Selected by NASA in April 1996, Colonel Fincke reported to the Johnson Space Center where he completed two years of training and evaluation. He was assigned technical duties in the Astronaut Office Station Operations Branch serving as an International Space Station Spacecraft Communicator (ISS CAPCOM), a member of the Crew Test Support Team in Russia and as the ISS crew procedures team lead. He also served as back-up crewmember for ISS Expeditions 4 and 6 as well as back-up commander for ISS Expeditions 13 and 16. He is qualified to fly as a left-seat Flight Engineer (co-pilot) on the Russian Soyuz TM and TMA spacecraft. He was the Commander of the second NASA Extreme Environment Mission Operations (NEEMO 2) mission living and working underwater for 7 days in May of 2002. Fincke has a total of 365 days, 21 hours and 32 minutes in space, and has logged a total of 26 hours and 12 minutes of EVA time on six spacewalks.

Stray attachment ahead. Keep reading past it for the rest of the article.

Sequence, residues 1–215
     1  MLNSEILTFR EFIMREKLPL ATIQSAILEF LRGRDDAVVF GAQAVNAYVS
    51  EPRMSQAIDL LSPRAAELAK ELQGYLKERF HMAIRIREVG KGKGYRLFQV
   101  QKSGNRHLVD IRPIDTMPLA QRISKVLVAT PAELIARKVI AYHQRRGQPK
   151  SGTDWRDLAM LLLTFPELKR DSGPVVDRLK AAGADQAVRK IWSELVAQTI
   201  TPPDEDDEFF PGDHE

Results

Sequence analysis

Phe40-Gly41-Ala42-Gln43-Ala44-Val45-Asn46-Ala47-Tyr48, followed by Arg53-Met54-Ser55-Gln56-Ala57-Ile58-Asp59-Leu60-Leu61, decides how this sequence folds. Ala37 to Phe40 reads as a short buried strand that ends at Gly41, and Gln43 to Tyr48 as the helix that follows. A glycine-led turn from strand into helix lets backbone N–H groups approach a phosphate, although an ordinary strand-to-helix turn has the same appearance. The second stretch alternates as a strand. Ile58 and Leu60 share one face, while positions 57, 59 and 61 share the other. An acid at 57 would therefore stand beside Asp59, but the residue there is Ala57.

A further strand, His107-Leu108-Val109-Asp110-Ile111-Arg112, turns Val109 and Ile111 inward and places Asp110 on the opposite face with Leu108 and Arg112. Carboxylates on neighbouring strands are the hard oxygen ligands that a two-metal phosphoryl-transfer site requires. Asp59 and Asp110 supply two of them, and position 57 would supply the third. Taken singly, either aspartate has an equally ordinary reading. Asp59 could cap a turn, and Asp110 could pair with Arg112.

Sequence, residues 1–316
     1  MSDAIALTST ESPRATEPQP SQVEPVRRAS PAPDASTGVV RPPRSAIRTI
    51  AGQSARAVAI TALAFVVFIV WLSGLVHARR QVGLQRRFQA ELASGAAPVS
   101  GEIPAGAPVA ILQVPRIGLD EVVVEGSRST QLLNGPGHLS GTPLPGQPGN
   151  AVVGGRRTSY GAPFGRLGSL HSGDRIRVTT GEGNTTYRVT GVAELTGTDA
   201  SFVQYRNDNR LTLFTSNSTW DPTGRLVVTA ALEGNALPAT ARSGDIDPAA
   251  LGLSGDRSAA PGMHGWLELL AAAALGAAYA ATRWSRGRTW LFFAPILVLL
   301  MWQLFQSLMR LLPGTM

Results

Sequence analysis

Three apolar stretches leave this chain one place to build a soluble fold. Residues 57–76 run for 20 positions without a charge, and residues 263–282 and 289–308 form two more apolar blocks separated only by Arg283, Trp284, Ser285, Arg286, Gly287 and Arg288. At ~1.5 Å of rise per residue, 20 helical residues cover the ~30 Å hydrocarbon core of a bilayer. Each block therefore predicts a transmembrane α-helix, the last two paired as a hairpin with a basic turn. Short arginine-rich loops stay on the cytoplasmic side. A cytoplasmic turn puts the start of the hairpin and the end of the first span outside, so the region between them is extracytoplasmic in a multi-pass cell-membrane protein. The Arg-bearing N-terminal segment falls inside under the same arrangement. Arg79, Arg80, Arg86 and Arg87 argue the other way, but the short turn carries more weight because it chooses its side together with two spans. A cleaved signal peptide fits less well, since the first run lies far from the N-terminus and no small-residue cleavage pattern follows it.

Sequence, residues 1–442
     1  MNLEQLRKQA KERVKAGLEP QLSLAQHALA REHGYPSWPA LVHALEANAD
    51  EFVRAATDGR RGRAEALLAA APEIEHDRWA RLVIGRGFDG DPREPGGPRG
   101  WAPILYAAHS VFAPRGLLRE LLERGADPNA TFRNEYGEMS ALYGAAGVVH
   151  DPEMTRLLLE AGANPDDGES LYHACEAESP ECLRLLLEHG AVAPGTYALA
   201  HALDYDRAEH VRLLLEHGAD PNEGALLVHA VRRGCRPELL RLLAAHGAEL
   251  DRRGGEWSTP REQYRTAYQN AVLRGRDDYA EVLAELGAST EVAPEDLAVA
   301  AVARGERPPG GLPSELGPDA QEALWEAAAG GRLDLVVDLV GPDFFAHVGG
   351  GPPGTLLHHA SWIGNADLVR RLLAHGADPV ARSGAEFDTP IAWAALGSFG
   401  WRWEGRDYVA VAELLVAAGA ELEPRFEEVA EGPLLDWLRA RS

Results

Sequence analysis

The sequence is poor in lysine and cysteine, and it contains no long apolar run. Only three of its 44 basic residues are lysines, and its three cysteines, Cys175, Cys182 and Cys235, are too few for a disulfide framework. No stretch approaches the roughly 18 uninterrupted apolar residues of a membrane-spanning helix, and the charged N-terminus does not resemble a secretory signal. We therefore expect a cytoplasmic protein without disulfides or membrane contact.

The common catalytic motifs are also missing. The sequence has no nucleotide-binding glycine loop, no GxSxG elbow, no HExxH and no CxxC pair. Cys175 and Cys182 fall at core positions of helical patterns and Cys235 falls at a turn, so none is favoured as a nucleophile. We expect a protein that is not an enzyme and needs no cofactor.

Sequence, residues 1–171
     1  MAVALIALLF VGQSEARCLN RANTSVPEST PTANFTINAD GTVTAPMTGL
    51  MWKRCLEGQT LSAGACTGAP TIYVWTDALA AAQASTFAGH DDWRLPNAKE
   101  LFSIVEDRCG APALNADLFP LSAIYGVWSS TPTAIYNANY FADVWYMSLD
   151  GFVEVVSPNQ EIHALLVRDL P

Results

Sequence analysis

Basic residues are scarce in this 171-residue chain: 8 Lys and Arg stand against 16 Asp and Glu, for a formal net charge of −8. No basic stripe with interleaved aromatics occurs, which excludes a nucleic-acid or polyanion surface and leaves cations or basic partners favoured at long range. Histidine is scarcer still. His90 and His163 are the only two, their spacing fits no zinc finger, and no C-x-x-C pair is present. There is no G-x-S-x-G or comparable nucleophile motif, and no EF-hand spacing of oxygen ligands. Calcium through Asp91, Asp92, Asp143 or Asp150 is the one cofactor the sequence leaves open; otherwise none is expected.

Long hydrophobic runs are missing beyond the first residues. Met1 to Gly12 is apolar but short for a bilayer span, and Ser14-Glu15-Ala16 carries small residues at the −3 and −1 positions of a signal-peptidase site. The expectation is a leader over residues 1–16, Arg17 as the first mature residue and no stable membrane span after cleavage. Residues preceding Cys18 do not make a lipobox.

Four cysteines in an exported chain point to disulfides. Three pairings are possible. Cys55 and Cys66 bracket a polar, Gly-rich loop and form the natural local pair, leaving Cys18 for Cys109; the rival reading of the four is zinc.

Fincke is currently assigned to the crew of STS-134 to the International Space Station. The mission will deliver the Alpha Magnetic Spectrometer (AMS), a state-of-the-art cosmic ray particle physics detector designed to examine fundamental issues about matter and the origin and structure of the universe.
Mike's last visit to the Academy was in November 2009, when he presented the school with a plaque that holds a flag that was flown aboard the Space Shuttle Endeavour.
Jennifer Iserloh '90
Academy alumna Jennifer Iserloh has built a blooming culinary business with multi-media appeal. As the founder of Skinny Chef Culinary Ventures, her work as a private chef included a clientele of high-profile professionals and internationally known celebrities.